Michael Jackson?s production crew in June of 1995 built a set at El Camino Pines camp that created a sylvan paradise for a music video about a young man trying to reclaim his childhood. ?Childhood? was also the theme song for the feature film Free Willy II. Inset, Lori Murphy on June 30, 2009 pulled out the story from 14 years ago and reflected on the economic value to this area of creating an organized effort to invite production companies to film here.
‘Childhood’ Tells Tale of the Past and the Future
“Have you seen my childhood? …It’s been my fate to compensate for the childhood I’ve never known…” —Michael Jackson
It was 14 years ago when a wide-eyed Michael Jackson gazed upward into a camera mounted above him on a tall crane, surrounded by the lush forest of El Camino Pines Lutheran Church Camp in the Los Padres National Forest just beyond Cuddy Valley, near the Mil Potrero ‘Y’.
The most economically successful superstar in musical history—and some say one of its most troubled—chose the center of our Mountain Communities to sing the words to "Childhood,” the theme for the feature film Free Willy II and a song included in Jackson’s HIStory, Book 1 album, among the world’s best-selling records. Local Historian Bonnie Kane and photographer Lori
Murphy were both reminded of Jackson’s visit when “The King of Pop” died last week in Los Angeles. They helped us find The Mountain Enterprise report from 1995.—P. Hedlund
Michael Jackson Films Video Locally
Reprint from June 6, 1995
The Mountain Enterprise
By M. Michael and L. Murphy
For those of you who saw the bright lights in the mountains near Mt. Pinos and an entourage of vehicles traveling Cuddy Valley Road—it wasn’t aliens.
It was M. J. Productions, along with Propaganda Films and Optimum Productions, filming Michael Jackson’s latest music video, Childhood, to be released in three weeks along with his album [HIStory, Volume I].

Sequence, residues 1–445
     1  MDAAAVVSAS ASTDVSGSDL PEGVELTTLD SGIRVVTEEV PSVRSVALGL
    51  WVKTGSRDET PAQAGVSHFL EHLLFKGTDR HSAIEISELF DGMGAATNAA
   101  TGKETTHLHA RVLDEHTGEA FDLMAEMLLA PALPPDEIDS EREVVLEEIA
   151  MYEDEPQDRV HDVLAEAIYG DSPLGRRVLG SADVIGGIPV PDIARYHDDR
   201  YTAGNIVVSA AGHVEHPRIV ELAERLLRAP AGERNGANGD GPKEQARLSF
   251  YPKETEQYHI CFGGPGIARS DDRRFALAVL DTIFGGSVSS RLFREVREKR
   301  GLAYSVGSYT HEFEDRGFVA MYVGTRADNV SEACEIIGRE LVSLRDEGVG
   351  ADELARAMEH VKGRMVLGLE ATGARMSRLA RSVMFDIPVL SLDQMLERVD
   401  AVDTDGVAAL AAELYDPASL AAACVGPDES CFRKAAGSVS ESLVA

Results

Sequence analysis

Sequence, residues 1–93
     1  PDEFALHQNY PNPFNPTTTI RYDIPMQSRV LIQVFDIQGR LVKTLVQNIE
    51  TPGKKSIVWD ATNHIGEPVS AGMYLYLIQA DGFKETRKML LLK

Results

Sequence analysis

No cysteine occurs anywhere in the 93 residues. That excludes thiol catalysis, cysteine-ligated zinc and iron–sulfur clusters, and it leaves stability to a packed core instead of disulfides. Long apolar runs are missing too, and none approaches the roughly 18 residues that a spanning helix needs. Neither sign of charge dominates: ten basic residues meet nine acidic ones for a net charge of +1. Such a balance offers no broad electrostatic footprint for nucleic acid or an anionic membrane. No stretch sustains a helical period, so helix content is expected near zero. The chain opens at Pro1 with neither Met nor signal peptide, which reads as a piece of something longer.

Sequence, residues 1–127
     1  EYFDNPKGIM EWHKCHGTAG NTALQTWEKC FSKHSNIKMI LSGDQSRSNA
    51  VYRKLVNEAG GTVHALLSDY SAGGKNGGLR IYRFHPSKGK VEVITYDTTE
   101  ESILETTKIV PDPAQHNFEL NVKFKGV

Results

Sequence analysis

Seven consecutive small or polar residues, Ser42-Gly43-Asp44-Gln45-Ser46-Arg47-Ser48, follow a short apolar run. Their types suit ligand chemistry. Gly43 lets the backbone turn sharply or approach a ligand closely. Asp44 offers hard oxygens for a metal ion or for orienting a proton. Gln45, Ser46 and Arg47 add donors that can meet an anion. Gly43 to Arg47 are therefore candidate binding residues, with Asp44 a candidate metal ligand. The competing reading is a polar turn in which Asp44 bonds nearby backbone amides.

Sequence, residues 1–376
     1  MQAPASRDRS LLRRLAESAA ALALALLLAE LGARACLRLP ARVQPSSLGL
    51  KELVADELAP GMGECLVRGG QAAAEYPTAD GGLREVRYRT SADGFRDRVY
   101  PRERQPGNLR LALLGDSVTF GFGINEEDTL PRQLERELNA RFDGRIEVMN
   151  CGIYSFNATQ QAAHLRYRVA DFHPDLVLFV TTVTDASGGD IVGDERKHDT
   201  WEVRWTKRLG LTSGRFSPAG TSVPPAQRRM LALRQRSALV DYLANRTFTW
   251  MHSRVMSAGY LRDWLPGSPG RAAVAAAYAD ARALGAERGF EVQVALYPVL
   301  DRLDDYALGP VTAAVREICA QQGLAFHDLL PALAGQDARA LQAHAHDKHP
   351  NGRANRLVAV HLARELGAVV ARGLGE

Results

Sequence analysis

While most of us were returning from Memorial Day weekend events, the production’s art department was busy arranging ferns and other greenery to create an “enchanted forest” for Jackson to sing in and children to wonder at. The actual filming took place at night, with giant lights to create the right effect. Eating schedules for the crew went something like lunch at 8 p.m. and dinner at midnight.
Under the Forest Service’s watchful eye (making sure the environment was not disrupted) the crew worked from Tuesday, May 30 through [Friday], June 2 to wrap up and “strike” the production.
The Greater Frazier Mountain Chamber of Commerce was called upon Tuesday to assist with some last minute details before the shoot.
Even though some campers were a bit displaced from the trip they may have planned, it was offset by being in the right place at the right time (even 2 a.m.) to watch Michael Jackson at work. They were kept at a distance by Jackson’s security team. No photographers were allowed except Lori Murphy, who is a local photographer and co-author of the local chamber’s Filming Coalition which was given exclusive permission to take photographs of the set.
On a larger scale, you may have seen David Sheehan’s interview broadcast on CBS, Channel 2 on Wednesday night, who noted that the filming was “somewhere in the mountains” between LA and Bakersfield. Sheehan stated: “I didn’t realize some place this beautiful was only one hour out of L.A.”
Rather than the traditional management of a set where the assistant director makes all the decisions, on this set every decision was cleared and made directly by Jackson himself. Those people given permission to be on the set were given guidelines and most everyone signed confidentiality agreements to maintain privacy.
Goals of the local film coalition include providing a liaison between production, the media, local industry workers and businesses, all in unison with the local government agencies, other areas and our Kern County Film Commission in Bakersfield.
There were several local residents who are in the filming industry who worked on this set.
This is part of the July 03, 2009 online edition of The Mountain Enterprise.
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